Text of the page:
The new ‘hard’ surfaces also make catchment more efficient – assuming it is channeled to soak wells. Where vegetation stands there is usually a prolonged delay in rainwater entering the groundwater system. This gives a much longer time for it to evaporate.

  10. Baike says:

    Fascinating read.

    If your post is accurate, how can it be that the leaders of these atolls can make claims that they’re sinking due to sea level rises and be taken seriously on the international stage (regardless of the cause of those sea level rises)?

    Is the culture of fear so great that one is cautious of even correcting the most obvious of mistakes? Or is ignorance/laziness the dominating factor?

    [REPLY - Follow the money! ~ Evan]

  11. Moemo says:

    I will go forth and edumacate my friends on the truth regarding these special places called, Atols.

    Great piece Willis and thank you Anthony for bringing it to us here.

  12. Clive says:

    Willis

    Thank very much for this informative article.

    I’ve made a PDF for future reference.

    Clive

  13. Zorro says:

    Fascinating post, thanks, Willis!

  14. par5 says:

    A population may not exceed its annual rainfall. Good stuff- thanks Willis.

  15. Bulldust says:

    Love it Willis. What amazes me is this… how exactly did the Micronesians determine that it was Czech Republic’s carbon causing them harm? Yes, I am being facetious, but theirs is an ambit claim so I think I am justified. The IPCC has a lot to answer for because it has encouraged a lunatic fringe in society to pursue ridiculous actions such as these.

    Hopefully common sense will prevail.

  16. Kasmir says:

    Good post Willis, but to expand on what you wrote, the central reason that atolls don’t drown stems from the growth rate of the reef-building corals. “Modern” stony corals, particularly the ubiquitous Acropora genus, grow at about 6″ per year in tropical conditions. That’s about 50X the average sea level rise we’ve been seeing, so the reef tops easily keep up with the sea level rise. Wave action especially during storms does indeed regularly throw coral rubble (and sometimes live reef) atop the living reef above sea level, where it rapidly erodes as you describe, sustaining the intermittent ring of low-lying sandy islands that make up an atoll.

    So it would take an incredibly enormous increase in sea level rise to “drown” live coral reefs. It’s also worth observing that all corals are colonial animals and also sexually reproduce via sporulation. and the spores can travel long distances to establish new colonies. Hence coral have been able to cope with many, many dramatic and even abrupt climate changes in earth’s history.

    Particular configurations of coral colonies are always growing and renewing themselves, and are fundamentally transient. the Great Barrier Reef is about the same age as the Great Pyramids. As a class, coral has been around for 500m+ years and has survived numerous extinction events. Coral is quite resilient. The principle impact of any further global warming would be to extend its range to higher latitudes.

  17. Retired Engineer says:

    Common sense ecology? Without lawyers? Perish the thought!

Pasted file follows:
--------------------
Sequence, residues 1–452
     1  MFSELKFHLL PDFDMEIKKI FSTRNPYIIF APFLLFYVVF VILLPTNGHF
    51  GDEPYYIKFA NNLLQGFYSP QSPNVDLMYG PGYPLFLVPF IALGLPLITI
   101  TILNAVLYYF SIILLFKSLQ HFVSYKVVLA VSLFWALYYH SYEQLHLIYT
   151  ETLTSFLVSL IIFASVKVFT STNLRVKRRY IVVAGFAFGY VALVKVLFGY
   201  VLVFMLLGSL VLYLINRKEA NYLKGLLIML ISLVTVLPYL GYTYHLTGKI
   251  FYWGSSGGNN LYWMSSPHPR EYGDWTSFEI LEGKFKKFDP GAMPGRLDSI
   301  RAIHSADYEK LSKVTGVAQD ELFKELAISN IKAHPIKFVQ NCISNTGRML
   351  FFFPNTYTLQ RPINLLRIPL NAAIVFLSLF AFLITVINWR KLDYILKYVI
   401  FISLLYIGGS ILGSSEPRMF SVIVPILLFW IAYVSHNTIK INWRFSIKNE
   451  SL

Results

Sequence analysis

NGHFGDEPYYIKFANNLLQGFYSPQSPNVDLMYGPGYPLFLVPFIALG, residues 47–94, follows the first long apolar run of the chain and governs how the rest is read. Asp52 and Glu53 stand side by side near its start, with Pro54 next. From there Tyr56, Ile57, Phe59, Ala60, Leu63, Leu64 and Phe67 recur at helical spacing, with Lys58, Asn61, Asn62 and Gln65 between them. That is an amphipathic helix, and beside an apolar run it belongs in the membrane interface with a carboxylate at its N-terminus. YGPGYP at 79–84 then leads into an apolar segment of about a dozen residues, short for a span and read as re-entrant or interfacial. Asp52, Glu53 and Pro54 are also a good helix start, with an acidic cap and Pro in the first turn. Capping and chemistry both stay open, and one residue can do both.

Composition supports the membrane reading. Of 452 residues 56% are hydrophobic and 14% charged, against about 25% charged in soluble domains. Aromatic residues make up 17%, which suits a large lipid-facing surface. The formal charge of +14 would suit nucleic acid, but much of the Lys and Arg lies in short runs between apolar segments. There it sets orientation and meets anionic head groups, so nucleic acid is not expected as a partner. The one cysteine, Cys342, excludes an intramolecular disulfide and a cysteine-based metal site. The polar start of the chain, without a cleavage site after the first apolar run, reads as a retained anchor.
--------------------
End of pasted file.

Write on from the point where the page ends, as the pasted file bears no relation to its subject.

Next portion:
If it were not such a bad joke, Eschenbach deserves a Nobel Prize.
    (no insult intended)

    What might happen if we applied this kind of logic to all our problems?

  18. Mike McMIllan says:

    I’ve been watching the Colorado sea level site for several years now, The rise leveled off in 2005 from its long-term rate of 3.2 mm/year down to around 2. The last couple entries have it climbing back up again. By 2100, the sea should rise almost a foot. I think those busy little polyps could keep up with it.

  19. wayne says:

    In claim 2: “The amount of fresh water in the lens is a balance between what is added and what is withdrawn or lost. ”
    and
    “The lens is only replenished by rain.”

    Rain is the only addition, but bet multiple hotel pools and hundreds of rooms with high pressure showers tend to suck that sea water right up into those lens pools as the fresh water is sucked out for the holiday vacationers!

  20. Chris Polis says:

    I’d say this has to be one of the best pieces of work I have read here in the last few months. Informed, comprehensive, and practical. Props.

  21. stumpy says:

    As an environmental engineer who specialises in hydrogeology, hydrology and hydraulics I find it hard to believe anyone with half a brain can think sea level rise will lead to saline intrusion – I hope its not scientists saying garbage!

    The sea forms the downstream boundary condition and generates a tailwater effect upon which the attenuated rainfall sits above, with the flow path, porosity and frictional losses setting the hydraulic grade and drain down time between rainfall. The factors that will influence this is as was correctly stated increased drawdown or reduced rainfall / increased evapotranspiration or possibly increases in tidal range leading to increase saline intrution in coastal areas during high tide.

  22. PeterB says:

    Thanks Willis, a great read.

    I feel quite a lot of sympathy for people living in places such as this, being told (with what appears to be a great deal of authority by scientists and NGOs) that their homes and livelihood are at risk by the actions of others. Unlike the Indian government in the case of the glaciers, they probably don’t have the resources to falsify the claims themselves.